THE IRANIAN REGIME’S DAYS ARE NUMBERED
IRAN’S MILITIAS IN IRAQ ARE A THREAT TO STABILITY
Okaz, Saudi Arabia, June 22
Perhaps the best scenario that the world can wish for is this: the internal pressure on the Iranian regime increases, widespread protests erupt throughout the country, a popular resistance movement emerges, and the mullah regime finally collapses. Then a new Iranian leadership, led by moderate seculars, assumes power, drafts a new constitution, and rids the country of its theocratic ideology.
But this scenario is way too hopeful. The current Iranian regime, after 40 years of military and security buildup, will not allow such a scenario to unfold. If it feels threatened, it will go down in extreme chaos, repression and bloodshed at home.
A look back at Mike Pompeo’s speech last year, shortly after he was appointed secretary of state, would suffice to show that US policy toward Tehran is no longer just that of a change in behavior. The issue, in America’s eyes, lies with the system itself: “The regime that emerged in the 1979 Iranian Revolution will not last much longer,” Pompeo said in his speech. The Iranian street has known several attempts to protest against the regime. The Green Revolution of 2009 brought thousands of Iranians to the streets, where they were met with violence, repression and firepower. It is not unlikely that similar protests will once again erupt, this time with the support of the international community and Iranian diaspora communities. The strength of the Iranian opposition has certainly grown over the past few years.
The regime, in turn, will do everything in its power to deflect attention away from its own misdoings by wreaking further havoc in the Middle East. It will increase its attacks on oil tankers in the Gulf and threaten to close the Strait of Hormuz. It will also continue to drag the region into a war that everyone seeks to avoid.
Today, however, with new measures being taken by the Gulf states toward the development, security and strengthening of the nation state, the isolation of Iran has become ever stronger. The Iranian regime has no goals or projects related to the development of Iranian society or the Iranian economy. It is focused solely on its political agenda.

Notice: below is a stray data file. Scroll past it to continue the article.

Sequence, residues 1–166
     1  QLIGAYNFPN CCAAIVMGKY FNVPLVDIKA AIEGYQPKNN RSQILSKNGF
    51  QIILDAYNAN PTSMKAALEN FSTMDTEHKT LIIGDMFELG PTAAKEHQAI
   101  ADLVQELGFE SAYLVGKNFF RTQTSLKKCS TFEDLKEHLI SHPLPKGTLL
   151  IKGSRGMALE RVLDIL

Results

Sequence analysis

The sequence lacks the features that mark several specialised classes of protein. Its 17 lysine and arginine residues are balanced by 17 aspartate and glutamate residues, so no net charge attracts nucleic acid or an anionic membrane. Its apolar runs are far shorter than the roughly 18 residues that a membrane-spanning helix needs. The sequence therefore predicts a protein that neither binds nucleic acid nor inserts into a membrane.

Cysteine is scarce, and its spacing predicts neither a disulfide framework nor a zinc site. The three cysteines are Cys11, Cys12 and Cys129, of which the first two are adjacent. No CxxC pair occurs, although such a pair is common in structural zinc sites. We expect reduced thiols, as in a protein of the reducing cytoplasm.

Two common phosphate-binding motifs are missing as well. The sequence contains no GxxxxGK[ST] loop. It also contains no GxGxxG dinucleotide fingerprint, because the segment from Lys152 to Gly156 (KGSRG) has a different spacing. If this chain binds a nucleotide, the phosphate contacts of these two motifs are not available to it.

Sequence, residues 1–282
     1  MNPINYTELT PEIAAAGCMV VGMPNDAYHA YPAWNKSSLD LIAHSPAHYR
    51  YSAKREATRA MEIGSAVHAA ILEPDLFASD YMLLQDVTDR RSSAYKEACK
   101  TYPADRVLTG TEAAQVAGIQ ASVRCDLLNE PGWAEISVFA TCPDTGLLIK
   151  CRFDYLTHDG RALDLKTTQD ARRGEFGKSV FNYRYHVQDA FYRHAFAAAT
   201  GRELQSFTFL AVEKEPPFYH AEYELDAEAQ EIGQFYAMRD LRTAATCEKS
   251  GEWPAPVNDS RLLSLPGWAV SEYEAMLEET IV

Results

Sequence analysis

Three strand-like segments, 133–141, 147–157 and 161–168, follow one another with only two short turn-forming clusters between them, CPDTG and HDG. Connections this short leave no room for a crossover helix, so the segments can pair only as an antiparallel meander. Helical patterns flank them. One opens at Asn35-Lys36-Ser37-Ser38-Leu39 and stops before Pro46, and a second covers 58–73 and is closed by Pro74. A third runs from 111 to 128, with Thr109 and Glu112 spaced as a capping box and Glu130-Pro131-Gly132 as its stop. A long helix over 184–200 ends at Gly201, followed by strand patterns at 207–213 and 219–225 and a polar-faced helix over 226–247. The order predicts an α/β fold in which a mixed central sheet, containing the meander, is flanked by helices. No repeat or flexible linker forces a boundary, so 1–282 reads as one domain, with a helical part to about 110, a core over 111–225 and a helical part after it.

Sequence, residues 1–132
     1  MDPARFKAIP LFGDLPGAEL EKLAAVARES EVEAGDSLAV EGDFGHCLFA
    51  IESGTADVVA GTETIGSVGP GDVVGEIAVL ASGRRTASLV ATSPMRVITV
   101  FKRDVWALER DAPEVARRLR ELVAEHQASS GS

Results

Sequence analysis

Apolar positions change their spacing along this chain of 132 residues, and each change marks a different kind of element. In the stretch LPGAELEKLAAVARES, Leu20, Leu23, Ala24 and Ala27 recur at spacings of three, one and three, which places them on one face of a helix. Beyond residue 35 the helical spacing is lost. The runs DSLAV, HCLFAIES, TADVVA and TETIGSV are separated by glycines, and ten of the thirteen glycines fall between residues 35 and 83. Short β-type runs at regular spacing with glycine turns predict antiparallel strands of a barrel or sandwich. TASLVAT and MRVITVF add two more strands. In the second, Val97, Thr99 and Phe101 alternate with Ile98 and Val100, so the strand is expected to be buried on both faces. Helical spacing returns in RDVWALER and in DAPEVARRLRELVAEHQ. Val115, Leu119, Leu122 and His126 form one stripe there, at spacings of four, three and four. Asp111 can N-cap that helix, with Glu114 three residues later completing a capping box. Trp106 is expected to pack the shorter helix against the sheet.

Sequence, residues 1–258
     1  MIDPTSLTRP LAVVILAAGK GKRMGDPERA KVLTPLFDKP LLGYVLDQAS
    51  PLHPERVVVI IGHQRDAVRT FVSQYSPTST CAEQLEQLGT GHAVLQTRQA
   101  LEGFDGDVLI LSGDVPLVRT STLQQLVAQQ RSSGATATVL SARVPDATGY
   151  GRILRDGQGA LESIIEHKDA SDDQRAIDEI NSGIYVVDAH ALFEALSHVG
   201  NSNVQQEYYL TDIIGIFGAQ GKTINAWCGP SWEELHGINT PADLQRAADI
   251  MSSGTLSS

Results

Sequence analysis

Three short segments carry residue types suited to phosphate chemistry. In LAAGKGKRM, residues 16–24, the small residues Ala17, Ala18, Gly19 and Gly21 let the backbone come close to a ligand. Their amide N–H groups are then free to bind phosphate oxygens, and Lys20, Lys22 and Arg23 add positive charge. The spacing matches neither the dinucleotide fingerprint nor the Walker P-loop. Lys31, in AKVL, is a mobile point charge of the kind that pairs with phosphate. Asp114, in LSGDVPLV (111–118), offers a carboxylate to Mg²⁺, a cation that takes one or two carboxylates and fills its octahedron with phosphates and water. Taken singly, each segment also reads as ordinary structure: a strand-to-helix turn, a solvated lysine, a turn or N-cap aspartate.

The free world is finally beginning to recognize that security and stability in the region cannot be achieved, so long as the mullah regime continues to exist. It may have lasted for 40 years, but the Iranian regime is finally coming under existential pressure. As Pompeo put it, this regime will not last much longer. – Yahya al-Amir
Last week, the US special envoy on Iran, Brian Hook, presented to members of Congress his report on the increasing role of popular mobilization militias operating in Iraq.
These groups, which take orders from the Iranian Revolutionary Guards and Maj.-Gen. Qassem Soleimani, have been able to impose their presence in Iraq’s political scene and compete with the state’s regular armed forces and official security services.
Hook spoke about the importance of ensuring that US weapons are distributed only to official state entities and not to these militias, while blocking Iran’s path to consolidate its influence in Iraq.
This report and Hook’s special hearing are very telling in that they signal that Iraq is among the top concerns of American policy-makers these days. In many ways, the Americans understand that the future of Iran’s involvement in the region will be settled in Iraq.
In the past few years, and specifically since the December 2011 withdrawal of US forces from Iraq, the militias operating in Iraq promoted sectarian strife and undermined any attempt to reconstruct Iraqi civil society. Then, following the signing of the nuclear agreement between Iran and the P5+1, Tehran began increasing its support of Iraqi militias, with the hope of gaining more leverage against other countries in the region.
But the Iranian regime did not take into account the greater geopolitical changes in the region, and ignored the adverse reaction of the people in the Middle East – including in Iraq – to its expansionist ideology. Tehran thus suffered immense losses and paid a heavy price for its client-list politics.
Unfortunately, many political figures in Iraq continue to be bribed by Iran. They point to terrorism and describe it as a problem stemming from “neighboring countries,” without naming the Iranian regime specifically. The Iraqi popular militias, although supported by a law of the Iraqi parliament and subject to the powers of the prime minister, turned into an existential threat at the hands of Iran. The only way to protect Iraq is to dissolve these militias and bring an end to Iran’s influence over Baghdad’s politics. – Hamid al-Kilani